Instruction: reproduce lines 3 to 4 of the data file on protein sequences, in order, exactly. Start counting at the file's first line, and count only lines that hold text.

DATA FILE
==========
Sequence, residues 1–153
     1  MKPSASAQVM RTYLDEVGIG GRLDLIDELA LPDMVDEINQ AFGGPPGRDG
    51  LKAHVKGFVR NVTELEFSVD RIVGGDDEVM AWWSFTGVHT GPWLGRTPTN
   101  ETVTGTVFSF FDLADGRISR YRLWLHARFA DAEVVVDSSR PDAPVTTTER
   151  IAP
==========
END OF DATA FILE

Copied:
    51  LKAHVKGFVR NVTELEFSVD RIVGGDDEVM AWWSFTGVHT GPWLGRTPTN
   101  ETVTGTVFSF FDLADGRISR YRLWLHARFA DAEVVVDSSR PDAPVTTTER